More than 525 state treasurer and their associates, investment bankers, traders, and bond lawyers, will turn out for the largest meeting of the National Association of State Treasurers in that organization's 16-year existence.
"Adversity breeds activism," said one treasurer almost a decade ago, as the organization mobilized to confront federal financial cutbacks and incursions into the tax-exempt market. The same sentiment holds true today, when 33 of the 50 states have had to cut their budgets in the face of deficits.
At first glance, in fact, the agenda of the conference being held this week at Waterville Valley, N.H., seems fairly traditional: "Protecting Public Funds in Turbulent Times," "Active Management of Cash Balances," "Rebuilding America's Infrastructure." These subjects could have been tackled at any state treasurers' group conference in recent memory, whether in Rockport, Maine; Newport, R.I.; Santa Fe, N.M.; or Jackson Hole, Wyo.
"But there's nothing traditional about Congress reforming the banking system," said Stan Smith, treasurer of Wyoming and the current president of the treasurers' group. "And there's nothing traditional about Treasuy and the way they pay money to states and localities." Both topics will be discussed at this year's meeting, which also will feawture a mini-conference on college savings and prepayment programs, Mr. Smith said.
And while there will still be a familiar group of attendees at the meeting -- San Shapiro of Maine, Georgie Thomas of New Hampshire, Mary Ellen Withrow of Ohio, Mary Landrieux of Louisiana -- the group this year includes 17 freshmen.
And as they have for the past 10 years, concerns about the municipal bond market and how states tap it will figure high on the list of topics being discussed, both officially at panels and informally at the numerous receptions, dinners, and staff meetings.
"We have a couple of big issues in the D.C. office," said Milton T. Wells, director of the association's Office of Federal Relations. "The Anthony bill, of course. We'd like to get as much of that as we can in the tax simplification bill," he said, referring first to Rep. Beryl Anthony's legislation to ease a number of curbs on the market and, second, to the tax simplification bill introduced recently by Rep. Dan Rostenkowski, D-Ill.
The Anthony bill would increase to $25 million both the $5 million small-issuer exemption from the arbitrage rebate requirement and the $10 million small-issuer exemption from limits on bank deductibility. The bill also would allow issuers to retain a de minimis amount of arbitrage profits to encourage good investments of bond proceeds; eliminate overlapping yield-restriction requirements in cases where issuers also have to rebate arbitrage; repeal the so-called 5% unrelated-use test; and make the 1989 arbitrage rebate relief law retroactive to Sept. 1, 1986, when the Tax Reform Act of 1986 became effective.
Sen. Max Baucus, D-Mont., and Sen. Christopher Dodd, D-Conn., have introduced to the Senate an identical measure to ease bond curbs. Currently, the measures are in limbo in both Houses, although several of the Anthony bill's provisions have been rolled into the Rostenkowski tax simplification bill.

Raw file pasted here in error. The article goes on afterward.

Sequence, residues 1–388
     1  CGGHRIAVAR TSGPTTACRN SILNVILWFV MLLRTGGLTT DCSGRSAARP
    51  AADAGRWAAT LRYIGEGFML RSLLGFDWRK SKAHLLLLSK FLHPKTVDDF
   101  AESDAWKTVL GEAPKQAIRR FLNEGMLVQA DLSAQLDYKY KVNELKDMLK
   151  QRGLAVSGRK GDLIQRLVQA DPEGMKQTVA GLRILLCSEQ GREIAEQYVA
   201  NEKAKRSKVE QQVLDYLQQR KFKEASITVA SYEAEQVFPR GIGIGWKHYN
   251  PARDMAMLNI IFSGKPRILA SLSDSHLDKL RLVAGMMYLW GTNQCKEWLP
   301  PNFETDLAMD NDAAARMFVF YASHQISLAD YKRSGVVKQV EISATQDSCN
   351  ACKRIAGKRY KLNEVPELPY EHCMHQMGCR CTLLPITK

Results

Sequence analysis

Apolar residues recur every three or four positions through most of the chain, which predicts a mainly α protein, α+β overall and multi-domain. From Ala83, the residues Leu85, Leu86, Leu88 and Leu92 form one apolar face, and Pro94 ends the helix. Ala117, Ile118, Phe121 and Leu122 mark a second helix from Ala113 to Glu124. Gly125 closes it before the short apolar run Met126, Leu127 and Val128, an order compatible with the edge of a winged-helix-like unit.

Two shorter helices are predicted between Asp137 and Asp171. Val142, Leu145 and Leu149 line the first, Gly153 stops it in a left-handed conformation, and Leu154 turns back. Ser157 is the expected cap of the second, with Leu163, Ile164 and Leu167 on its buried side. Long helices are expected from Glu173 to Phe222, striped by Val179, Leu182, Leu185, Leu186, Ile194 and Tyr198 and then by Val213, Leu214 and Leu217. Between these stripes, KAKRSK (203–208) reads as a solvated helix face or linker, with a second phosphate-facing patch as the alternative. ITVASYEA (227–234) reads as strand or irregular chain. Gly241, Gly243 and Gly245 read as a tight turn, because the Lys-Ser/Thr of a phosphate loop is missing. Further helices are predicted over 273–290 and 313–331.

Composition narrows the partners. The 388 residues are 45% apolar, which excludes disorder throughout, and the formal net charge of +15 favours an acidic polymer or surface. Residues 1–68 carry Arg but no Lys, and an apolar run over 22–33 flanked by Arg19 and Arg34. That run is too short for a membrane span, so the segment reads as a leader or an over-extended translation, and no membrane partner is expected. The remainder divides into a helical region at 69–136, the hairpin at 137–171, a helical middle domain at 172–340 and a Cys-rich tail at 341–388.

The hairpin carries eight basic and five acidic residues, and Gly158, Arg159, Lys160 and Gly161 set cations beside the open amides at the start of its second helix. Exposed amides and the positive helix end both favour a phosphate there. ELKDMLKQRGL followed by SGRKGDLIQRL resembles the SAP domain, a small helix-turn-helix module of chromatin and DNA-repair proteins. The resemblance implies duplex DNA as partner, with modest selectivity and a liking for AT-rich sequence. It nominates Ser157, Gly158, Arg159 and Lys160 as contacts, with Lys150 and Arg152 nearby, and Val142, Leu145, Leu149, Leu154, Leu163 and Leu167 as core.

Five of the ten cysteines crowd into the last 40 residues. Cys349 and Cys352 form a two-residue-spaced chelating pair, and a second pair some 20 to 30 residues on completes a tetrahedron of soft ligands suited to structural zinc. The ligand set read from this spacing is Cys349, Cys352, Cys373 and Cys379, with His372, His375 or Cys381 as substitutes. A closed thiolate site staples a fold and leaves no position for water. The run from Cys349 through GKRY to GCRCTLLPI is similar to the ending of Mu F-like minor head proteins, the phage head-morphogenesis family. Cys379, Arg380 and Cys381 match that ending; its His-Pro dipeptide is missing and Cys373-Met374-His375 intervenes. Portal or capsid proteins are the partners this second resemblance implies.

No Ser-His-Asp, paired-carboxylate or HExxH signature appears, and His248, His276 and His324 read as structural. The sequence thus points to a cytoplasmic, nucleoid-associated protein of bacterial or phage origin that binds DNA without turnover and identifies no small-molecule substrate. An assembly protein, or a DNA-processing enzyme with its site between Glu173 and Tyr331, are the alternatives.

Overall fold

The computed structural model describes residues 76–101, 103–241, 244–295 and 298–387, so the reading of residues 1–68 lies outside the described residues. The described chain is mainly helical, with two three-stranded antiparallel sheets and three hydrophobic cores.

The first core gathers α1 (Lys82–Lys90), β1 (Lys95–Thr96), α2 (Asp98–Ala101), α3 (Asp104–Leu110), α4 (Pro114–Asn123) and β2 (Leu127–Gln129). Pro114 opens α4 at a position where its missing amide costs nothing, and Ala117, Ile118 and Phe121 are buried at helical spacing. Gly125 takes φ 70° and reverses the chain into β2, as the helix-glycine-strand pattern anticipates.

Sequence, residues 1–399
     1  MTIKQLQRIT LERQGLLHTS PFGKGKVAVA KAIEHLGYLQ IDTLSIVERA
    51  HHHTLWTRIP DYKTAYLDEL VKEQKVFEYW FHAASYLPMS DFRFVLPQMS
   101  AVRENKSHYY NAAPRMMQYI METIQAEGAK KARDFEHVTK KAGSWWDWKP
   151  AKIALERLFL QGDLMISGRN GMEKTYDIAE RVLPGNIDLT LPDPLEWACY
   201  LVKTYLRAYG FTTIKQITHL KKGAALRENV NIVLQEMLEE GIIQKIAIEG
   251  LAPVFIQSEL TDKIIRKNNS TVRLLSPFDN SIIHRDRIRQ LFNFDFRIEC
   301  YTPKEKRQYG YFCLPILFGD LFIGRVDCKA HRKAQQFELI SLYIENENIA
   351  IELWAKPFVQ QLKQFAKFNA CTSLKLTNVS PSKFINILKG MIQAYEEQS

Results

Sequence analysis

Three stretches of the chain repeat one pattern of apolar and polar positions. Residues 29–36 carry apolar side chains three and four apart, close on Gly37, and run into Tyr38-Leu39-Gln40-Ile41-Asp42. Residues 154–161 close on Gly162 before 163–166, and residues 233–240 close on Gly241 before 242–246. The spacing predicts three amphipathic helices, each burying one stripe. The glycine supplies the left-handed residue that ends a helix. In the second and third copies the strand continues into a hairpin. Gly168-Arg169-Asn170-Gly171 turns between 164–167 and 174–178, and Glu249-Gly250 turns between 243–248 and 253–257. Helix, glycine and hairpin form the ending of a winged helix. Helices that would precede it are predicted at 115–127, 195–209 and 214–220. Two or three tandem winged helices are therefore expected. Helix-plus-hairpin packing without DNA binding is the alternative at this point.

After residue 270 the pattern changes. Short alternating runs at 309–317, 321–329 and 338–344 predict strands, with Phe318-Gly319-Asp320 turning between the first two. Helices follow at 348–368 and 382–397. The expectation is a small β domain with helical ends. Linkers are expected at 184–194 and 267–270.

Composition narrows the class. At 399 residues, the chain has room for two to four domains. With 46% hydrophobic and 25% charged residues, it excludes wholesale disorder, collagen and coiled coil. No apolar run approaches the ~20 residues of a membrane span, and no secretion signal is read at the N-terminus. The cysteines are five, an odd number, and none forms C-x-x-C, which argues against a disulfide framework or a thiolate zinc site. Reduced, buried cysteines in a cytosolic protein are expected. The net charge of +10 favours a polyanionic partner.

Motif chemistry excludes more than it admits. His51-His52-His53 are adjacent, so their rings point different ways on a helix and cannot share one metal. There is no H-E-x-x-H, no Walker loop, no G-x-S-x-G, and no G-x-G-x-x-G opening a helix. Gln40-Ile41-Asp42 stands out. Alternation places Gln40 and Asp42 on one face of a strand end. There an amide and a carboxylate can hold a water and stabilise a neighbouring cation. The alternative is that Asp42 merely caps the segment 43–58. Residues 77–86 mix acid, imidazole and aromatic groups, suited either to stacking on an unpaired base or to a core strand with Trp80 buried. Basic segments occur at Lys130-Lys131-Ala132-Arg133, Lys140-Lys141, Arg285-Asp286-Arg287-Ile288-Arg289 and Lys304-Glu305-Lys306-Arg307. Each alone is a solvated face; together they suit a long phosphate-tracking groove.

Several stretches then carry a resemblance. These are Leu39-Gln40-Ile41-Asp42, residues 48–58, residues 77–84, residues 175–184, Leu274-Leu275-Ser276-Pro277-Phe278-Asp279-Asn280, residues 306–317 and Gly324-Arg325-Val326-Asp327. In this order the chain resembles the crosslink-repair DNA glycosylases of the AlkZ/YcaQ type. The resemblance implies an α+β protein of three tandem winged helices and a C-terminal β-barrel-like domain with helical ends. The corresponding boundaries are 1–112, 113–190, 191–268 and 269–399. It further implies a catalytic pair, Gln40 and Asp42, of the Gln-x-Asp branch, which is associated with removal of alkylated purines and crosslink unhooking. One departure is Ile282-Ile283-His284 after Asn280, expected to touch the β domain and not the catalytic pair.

Mr. Wells also said his group wanted to ease reimbursement regulations.
The rules, proposed by the Internal Revenue Service last April, were supposed to clarify when the proceeds of a reimbursement bond financing can be treated as spent and, therefore, no longer subject to arbitrage restrictions. The treasurers' organization and the Government Finance Officers Association said the rules did not take into account the way state and local governments do business.
The treasurers' group in early July filed comments with the IRS that said, "It is illogical to assume that the states need to change their systems and budgetary practices merely to accommodate compliance with the regulations covering reimbursements."
Such is the Washington agenda -- and the chances of much of it being enacted are not so farfetched as they once might have seemed. "We've grown a lot, as an organization," said Wyoming's Mr. Smith. "We're much more influential."
Ohio's Ms. Withrow, who is expected to take office as president of the treasurer's group this December, said the association "wanted to be very visible on the issues affecting tax-exempt bonds."
Treasures at this year's national conference also are expected to voice concerns about the credit rating agencies and keeping down issuance costs. In July, for example, 13 treasurers from the Northeast met with rating agency officials in a session aimed to ensure that the agencies considered states individually, rather than on a regional basis.
"We're going to try to make sure that we're all judged individually, that we're not penalized for what's going on beyond our state lines," said Maine's Mr. Shapiro last month.
Mr. Shapiro also plans to discuss another concern with the other treasurers. "Bond counsel fees," he said recently, adding, "They're exorbitant. But it's been sacrosanct until now to talk about them. But I think it's time people really looked at them.
"We're setting fees ahead of time: $25,000 on our $150 million note issue," he said of a recent issue. "I know an issuer, who will go unnamed, who paid $200,000 for a $15 million issue, on stuff the lawyers did hundreds of times. That's not right. Underwriter fees have come down; bond counsel fees should too."